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Finding Tim

A Fourth Alternate Reality

by Charlie
With editorial assistance from Dix and John


You have a new narrator, Herb Johnson. At Hal's suggestion-insistence really-Charlie has invited me to write this chapter of his incredible story. Charlie let me read the earlier chapters before I started to write. I see that I am always called Coach Johnson. Beginning in the sixties, about the time Hal came into my life, my students and runners started calling me Herb. But to the good students and the best runners, I was always Coach or Coach Johnson-right up to my retirement. I liked that; I have never been comfortable with teenagers calling teachers and coaches by their first names. I guess that's why old guys like me need to retire-we don't change easily.

A lot of my memories are getting vague. One student's feats blend with another. Except for one. In one of the early chapters, Charlie says something like this, "Some track coach is going to have a wet dream over having this kid on his team!" Perhaps not literally correct, but it certainly conveys the right idea. My memories of Hal are crystal clear-at least I think they are. I'll tell you right off that there are two reasons for that: First, Hal was simply the world's best distance runner of his decade, and I got to coach him for four years of high school! But more important, Hal was kind to me in many, many ways, and has continued to be from then until now. Hal is now 58; I am almost 80. How many star high school athletes shower kindnesses on their coaches forty years later? Hal is special and has always been so. And he has a special group of friends. They are all kind to me.

But that is the ending of my story. It began, as you know from Charlie's narrative, with this kid coming up to me and asking about running shoes. It would have been so easy to tell him, "Forget it, kid. You don't have enough experience to possibly qualify for the cross country team." Thank God I didn't. Well I would never have blown off a student like that. But it sure was tempting! Kids with Hal's background simply didn't have a chance in high school athletics-you have to start earlier. At least that was the conventional wisdom till Hal blew it away. However, Hal was the exception to all the rules. But exceptions to that rule are incredibly rare. The next four years are history.

As Hal's senior year came to an end Phyllis and I got this incredible invitation: Would we like to ride on the bus with Hal and his Gang as they went to Boston for him to run in the Boston Marathon? He asked it like I would be doing him a favor! I certainly don't have to tell you our answer, or tell you how long we hesitated in giving it.

I am supposed to start my story on the bus ride to Boston. I had thought that I knew Hal pretty well. He was my star runner, had been for four years. I had been welcomed into his home, and into Tim's home with him. I knew his parents. I knew Sue's and Tim's parents. I had met Charlie and the Gang. I had been to his and Tim's commitment ceremony, at which Hal had an important part. I knew this bunch, the Gang as they call themselves, were very close friends, and it was clear that they would do anything for each other. This explained this huge group on the bus to Boston. But it didn't explain the parents on the bus. Why were Franklin's parents there? Why Ronnie's? Why Tom's?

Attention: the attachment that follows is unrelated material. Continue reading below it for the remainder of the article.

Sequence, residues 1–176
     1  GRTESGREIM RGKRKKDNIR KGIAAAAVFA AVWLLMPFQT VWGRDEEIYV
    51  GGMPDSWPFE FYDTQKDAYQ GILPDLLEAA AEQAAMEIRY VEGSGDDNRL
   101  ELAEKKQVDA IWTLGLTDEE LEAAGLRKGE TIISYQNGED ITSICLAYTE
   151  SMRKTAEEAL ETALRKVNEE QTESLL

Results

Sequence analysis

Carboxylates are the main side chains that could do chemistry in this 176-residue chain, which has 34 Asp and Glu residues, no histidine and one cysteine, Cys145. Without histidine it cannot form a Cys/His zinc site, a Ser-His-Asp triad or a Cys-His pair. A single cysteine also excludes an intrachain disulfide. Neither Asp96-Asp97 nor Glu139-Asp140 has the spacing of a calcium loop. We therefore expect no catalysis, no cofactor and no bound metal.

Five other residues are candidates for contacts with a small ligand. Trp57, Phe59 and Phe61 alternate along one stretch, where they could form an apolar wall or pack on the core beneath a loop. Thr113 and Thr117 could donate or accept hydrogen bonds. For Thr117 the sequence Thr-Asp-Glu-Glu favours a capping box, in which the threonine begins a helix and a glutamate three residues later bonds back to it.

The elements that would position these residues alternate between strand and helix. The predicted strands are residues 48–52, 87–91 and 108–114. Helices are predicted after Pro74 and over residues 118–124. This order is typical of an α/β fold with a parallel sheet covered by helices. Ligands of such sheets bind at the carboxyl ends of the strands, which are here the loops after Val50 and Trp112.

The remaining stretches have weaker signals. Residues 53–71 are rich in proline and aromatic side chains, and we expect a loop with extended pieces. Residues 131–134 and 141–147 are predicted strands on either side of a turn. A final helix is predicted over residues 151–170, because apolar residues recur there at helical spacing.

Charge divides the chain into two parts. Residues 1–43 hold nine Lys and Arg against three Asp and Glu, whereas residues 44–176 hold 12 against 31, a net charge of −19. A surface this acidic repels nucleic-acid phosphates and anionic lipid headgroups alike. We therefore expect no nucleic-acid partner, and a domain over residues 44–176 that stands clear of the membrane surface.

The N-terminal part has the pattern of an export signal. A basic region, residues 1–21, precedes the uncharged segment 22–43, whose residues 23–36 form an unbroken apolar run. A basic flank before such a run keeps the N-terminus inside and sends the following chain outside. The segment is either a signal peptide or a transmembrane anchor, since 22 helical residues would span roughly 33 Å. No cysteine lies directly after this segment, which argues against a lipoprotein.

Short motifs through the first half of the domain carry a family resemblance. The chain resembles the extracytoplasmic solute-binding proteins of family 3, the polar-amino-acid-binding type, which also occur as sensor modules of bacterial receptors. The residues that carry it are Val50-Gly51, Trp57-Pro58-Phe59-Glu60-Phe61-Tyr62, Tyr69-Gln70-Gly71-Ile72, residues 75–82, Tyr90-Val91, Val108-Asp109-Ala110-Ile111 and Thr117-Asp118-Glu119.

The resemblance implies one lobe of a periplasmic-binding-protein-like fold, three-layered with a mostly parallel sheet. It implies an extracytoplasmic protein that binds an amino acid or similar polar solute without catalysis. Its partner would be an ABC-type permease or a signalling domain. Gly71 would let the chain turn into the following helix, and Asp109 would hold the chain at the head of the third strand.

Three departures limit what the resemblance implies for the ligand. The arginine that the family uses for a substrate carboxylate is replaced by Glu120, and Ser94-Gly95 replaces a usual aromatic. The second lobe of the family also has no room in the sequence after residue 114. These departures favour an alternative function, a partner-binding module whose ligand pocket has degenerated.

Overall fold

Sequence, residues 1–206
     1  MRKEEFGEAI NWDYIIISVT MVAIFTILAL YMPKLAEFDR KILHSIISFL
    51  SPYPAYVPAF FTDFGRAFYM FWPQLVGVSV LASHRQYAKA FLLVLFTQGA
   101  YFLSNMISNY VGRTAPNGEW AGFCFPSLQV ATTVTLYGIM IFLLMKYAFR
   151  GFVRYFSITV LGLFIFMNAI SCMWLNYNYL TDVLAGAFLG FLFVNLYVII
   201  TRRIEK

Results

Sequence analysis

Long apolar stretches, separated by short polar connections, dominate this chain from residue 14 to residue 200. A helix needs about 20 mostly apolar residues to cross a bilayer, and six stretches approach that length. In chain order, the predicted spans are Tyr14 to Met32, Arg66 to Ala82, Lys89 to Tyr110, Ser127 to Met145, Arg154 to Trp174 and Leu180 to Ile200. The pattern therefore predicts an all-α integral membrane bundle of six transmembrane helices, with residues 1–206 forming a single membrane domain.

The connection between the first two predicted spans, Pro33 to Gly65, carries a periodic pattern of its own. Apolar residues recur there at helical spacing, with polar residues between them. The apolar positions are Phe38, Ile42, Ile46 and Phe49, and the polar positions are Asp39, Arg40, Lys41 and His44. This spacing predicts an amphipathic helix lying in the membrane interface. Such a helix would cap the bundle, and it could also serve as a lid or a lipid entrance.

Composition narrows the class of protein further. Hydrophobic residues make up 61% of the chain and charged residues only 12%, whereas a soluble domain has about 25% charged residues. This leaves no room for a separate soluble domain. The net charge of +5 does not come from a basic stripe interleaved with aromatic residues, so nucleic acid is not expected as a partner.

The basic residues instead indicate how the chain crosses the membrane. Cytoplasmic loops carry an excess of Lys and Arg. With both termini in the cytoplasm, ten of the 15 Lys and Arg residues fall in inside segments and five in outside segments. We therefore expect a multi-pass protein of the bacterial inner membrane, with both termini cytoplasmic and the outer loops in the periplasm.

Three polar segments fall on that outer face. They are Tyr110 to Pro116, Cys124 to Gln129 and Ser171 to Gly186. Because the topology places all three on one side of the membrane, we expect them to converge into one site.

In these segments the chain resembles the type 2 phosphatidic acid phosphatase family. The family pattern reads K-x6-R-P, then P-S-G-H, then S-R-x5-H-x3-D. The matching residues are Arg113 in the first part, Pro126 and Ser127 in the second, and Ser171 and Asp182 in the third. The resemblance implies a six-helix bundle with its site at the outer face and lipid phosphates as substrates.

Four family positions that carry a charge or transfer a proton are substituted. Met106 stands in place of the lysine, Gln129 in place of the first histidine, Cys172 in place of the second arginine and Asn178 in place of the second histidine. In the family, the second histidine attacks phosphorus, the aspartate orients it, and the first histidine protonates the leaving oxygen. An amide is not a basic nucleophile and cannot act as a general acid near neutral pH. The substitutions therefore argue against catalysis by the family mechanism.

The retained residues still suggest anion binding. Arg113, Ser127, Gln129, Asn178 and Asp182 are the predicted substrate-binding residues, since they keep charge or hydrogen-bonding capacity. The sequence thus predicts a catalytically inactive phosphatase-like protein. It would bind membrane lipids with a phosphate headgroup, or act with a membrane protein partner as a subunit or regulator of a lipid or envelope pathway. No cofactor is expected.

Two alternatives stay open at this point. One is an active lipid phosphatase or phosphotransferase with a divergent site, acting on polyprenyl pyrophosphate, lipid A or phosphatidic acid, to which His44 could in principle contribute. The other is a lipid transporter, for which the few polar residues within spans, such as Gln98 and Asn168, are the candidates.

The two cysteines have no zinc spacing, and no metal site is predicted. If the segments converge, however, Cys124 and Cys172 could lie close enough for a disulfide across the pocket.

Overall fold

Phyllis and I started out sitting together on the bus. We knew almost everyone, but were not close to many of them. With the bus pretty full (especially with the last two rows closed off for Hal and Sue) we felt that if we split up we would force others to do so. As we watched the group, two things jumped out at us: First, the parents were fully accepted as part of the group. Teenagers just don't function like that, but these did. Each set of parents was quickly separated, as the kids made sure that the group was well mixed. It wasn't long before Tina came up to us and asked if she could sit with Phyllis. I ended up with Sue for a while. Teens and parents easily mixed, talked with each other and seemed to respect each other. If you have spent much time around high school students, that would simply blow your mind!

Second, there seemed to be a heightened sense of sexuality in this group. Their language was, in fact, cleaner than most kids, and as the trip went on I sensed that this wasn't just because there were parents present. And dirty jokes were rare. But they kissed a lot, and hugged even more. These gestures didn't seem to be affected by the gender of the individuals-certainly very rare. I saw boys kissing boys, comfortably, in public, for the first time in my life. Not just Charlie and Tim, or Franklin and Phil, but they all seemed to feel comfortable kissing or hugging anyone in the group-including the parents. When I had arrived at Hal's house for breakfast, Tim had run up to Phyllis and me and hugged and kissed us both and thanked us for coming. "It's so important for Hal," he said.

It was completely accepted that Sue and Hal would go into their "bedroom" and nobody even snickered at the idea of what they might do there-it seemed to just be accepted. As they slept the random pairing of the group continued, and people lay all over each other in ways that would likely offend in other groups. Then Phil and Sue pushed, literally pushed, Franklin into the bedroom with Hal. There was neither doubt nor offense as to what they were doing. Then there was Hal walking to the toilet in his Jockey shorts at night-in a bus filled with parents and girls-and someone whistling as he went back to Sue.